Tonight’s game against North Carolina presents a daunting challenge for the Hogs. The speedy Tar Heels hold advantages on paper across the board. They are, for starters, most strong (in rebounding) where Arkansas is the most weak. And their best player, the 6-foot-8 Justin Jackson, is the kind of rangy, skilled wing for which Arkansas simply has no answer.

While the Hogs regularly throw out four players in the 6-foot-1 to 6-foot-3 range in Dusty Hannahs, Jaylen Barford, Manny Watkins, Daryl Macon and Anton Beard, North Carolina has only have one starter under 6-foot-6 . Simply put, North Carolina represents the kind of gold standard to which Arkansas is aspiring: a team more skilled, longer and more athletic.Hannahs is hardly using hyperbole when during a media session this weekend he noted, “This is David and Goliath.”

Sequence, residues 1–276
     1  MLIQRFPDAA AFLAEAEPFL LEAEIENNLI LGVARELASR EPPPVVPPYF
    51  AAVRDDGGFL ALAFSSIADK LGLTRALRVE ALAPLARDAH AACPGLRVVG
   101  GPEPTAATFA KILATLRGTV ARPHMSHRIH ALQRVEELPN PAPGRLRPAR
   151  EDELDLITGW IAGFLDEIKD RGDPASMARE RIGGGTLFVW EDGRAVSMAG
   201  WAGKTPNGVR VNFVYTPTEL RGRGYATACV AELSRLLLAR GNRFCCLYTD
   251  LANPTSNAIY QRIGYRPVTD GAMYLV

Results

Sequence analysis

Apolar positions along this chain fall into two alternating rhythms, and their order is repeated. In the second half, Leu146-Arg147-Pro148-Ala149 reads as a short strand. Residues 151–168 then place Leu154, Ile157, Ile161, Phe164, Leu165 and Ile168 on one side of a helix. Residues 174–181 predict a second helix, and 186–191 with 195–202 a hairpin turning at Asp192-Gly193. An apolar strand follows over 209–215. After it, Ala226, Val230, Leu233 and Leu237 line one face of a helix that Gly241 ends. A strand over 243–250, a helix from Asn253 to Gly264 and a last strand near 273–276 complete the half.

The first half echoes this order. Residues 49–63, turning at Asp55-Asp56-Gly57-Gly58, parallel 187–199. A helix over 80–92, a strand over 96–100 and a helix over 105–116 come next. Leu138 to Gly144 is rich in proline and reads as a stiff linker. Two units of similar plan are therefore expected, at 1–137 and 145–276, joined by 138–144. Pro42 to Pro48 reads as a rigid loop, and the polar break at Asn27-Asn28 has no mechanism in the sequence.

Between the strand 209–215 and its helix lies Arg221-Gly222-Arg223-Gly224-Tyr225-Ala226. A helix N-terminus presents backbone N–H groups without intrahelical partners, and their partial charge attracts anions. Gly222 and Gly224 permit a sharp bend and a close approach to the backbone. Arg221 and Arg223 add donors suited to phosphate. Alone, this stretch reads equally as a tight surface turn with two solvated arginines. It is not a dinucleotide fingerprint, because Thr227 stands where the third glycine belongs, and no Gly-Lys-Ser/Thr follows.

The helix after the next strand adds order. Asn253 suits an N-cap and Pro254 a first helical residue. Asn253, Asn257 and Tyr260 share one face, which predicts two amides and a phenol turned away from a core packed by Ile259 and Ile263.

Statistically, the chances of an Arkansas upset are slim. But, from all outside appearances, the players and coaches firmly believe they can do it.  They have, after all, seen infinitesimal odds overcome before. If not, they wouldn’t be on the cusp of playing UNC three straight times in the same round in the first place.


*The star of a few of those early 1960s Seattle teams was North Little Rock’s Eddie Miles, whom former Hog basketball coach Glen Rose wanted to make the first black Razorback. I write more about that story and others in my upcoming book African-American Athletes in Arkansas: Muhammad Ali’s Tour, Black Razorbacks and other Forgotten Stories.

06 Mar

Mike Anderson’s 2014-17 Hogs Better Than Nolan’s Late ’90s Teams

Mike Anderson

Since 2014, Mike Anderson’s Hogs are winning more than Kareem Reid/Derek Hood-era Arkansas

I can’t help myself: I love Mike Anderson/Nolan Richardson comparisons.

As an Arkansas native, I firsthand remember growing up in the 1990s and breathlessly following each of Richardson’s Razorback teams. That experience — along with watching my classmates Joe Johnson and Jarrett Hart play at LR Central — seared into me a deep love for the game of basketball.